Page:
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Biological Controls

Biological control is taking place in fruit crops all the time, because native and naturalized populations of natural enemies overwinter on the farm and move into crops to feed on or lay their eggs into pest insects. Predators consume several insects over the course of their development. Parasites and parasitoids tend to lay eggs in their host insect, which then feed internally, develop and kill the host. Pathogens invade the body of the host insect. The impact of beneficial insects is often underestimated because it is easy to overlook and difficult to measure. It may become obvious if they are killed by broad-spectrum insecticides and pest outbreaks occur as a result. Conservation of beneficials by use of selective insecticides when pests exceed threshold levels is recommended wherever practical.

The release of lab-reared beneficials can also aid in suppressing pests. These tend to be more successful in greenhouses than in the field, but there are several instances where releases in the field have been proven to suppress or completely control key pests. For example, Neoseiulus fallacis and Phytoseiulus persimilis are tiny mite predators that feed on pest mites such as two-spotted spider mites and European red mites. N. fallacis is indigenous to the Northeast as well as available for release from reared populations in commercial insectaries. Both have been very useful tools for New England fruit growers.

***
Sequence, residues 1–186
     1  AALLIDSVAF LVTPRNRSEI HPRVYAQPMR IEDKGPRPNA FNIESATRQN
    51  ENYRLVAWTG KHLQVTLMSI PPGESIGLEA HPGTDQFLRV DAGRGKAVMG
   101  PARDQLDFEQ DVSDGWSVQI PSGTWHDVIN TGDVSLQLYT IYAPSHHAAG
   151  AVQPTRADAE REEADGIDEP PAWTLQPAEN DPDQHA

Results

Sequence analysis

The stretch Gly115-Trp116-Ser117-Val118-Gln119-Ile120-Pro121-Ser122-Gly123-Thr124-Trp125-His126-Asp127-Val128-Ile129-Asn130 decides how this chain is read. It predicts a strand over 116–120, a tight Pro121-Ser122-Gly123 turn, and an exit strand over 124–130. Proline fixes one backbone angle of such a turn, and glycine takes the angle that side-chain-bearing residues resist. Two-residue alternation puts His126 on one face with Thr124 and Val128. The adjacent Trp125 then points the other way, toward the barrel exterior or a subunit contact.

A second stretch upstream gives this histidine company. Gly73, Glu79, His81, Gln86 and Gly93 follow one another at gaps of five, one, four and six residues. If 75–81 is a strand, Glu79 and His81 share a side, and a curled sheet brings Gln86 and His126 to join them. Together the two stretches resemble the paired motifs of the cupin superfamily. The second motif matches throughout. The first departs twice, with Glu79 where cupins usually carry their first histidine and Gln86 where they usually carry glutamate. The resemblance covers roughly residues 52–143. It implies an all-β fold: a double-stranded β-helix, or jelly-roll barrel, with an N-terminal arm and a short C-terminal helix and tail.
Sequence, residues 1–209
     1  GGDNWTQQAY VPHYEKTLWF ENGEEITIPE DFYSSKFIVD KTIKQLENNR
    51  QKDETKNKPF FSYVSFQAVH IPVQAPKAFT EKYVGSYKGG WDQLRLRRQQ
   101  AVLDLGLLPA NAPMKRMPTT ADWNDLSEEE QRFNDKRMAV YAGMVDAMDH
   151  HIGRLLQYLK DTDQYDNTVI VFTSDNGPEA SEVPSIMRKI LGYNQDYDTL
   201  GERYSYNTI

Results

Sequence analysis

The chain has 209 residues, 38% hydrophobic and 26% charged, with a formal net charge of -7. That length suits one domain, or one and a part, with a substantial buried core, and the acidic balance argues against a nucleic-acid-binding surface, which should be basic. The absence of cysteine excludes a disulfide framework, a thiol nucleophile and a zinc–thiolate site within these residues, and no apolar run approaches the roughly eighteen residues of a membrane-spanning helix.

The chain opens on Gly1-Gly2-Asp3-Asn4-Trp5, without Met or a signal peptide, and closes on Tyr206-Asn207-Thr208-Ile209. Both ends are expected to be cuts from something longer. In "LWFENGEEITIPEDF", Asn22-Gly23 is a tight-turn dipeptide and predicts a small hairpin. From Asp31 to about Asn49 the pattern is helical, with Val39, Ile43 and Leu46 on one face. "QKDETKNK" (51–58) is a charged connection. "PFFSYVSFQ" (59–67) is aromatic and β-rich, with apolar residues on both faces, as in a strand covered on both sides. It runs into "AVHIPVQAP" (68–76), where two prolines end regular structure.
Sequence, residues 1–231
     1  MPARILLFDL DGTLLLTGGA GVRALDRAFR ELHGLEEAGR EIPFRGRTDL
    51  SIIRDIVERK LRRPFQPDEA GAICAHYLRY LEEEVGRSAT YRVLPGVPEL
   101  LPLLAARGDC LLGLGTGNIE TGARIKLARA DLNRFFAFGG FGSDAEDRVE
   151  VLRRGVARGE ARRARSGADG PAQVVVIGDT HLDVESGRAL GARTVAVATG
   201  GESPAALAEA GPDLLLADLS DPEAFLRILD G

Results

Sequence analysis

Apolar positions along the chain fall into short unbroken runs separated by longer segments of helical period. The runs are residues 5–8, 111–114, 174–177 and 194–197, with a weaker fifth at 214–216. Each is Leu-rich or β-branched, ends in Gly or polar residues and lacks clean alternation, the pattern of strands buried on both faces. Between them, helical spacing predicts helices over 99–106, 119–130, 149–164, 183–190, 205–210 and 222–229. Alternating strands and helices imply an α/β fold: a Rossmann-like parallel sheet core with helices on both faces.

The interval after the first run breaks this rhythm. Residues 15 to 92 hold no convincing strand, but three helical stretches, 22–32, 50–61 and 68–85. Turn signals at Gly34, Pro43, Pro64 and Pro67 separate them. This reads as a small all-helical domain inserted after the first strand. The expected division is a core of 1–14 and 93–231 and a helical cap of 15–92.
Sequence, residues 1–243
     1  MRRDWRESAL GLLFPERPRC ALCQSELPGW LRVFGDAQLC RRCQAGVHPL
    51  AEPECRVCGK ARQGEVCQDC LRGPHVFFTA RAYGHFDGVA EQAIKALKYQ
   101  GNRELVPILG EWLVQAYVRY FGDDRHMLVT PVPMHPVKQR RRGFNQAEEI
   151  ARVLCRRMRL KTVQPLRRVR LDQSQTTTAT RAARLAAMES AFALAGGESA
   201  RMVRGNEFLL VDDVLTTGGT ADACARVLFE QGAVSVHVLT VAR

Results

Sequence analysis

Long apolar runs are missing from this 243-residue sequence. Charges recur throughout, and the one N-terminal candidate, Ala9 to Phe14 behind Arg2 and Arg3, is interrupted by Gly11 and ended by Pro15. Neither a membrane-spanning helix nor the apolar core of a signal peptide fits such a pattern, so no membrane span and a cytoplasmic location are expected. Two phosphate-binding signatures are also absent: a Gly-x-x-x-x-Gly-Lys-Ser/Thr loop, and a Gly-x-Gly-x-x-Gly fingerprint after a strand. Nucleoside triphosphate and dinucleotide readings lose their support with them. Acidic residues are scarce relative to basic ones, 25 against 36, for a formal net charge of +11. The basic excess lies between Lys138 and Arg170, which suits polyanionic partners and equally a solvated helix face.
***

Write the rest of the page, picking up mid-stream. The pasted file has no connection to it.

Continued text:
Another example involves beneficial nematodes, very small roundworms that attack soil-dwelling insects. Two in particular (Steinernema and Heterorhabditis) have been mass-reared for commercial use. These seek out and penetrate their host insects, multiply within the host and kill it. They are most likely to be effective against the soil-dwelling immature stages of susceptible hosts, such as root weevils, cutworms, white grubs, wireworms, and maggots. Nematodes require moist soil conditions to survive. Consult the Resources section in the appendices of this guide for sources of further information and suppliers of beneficial organisms.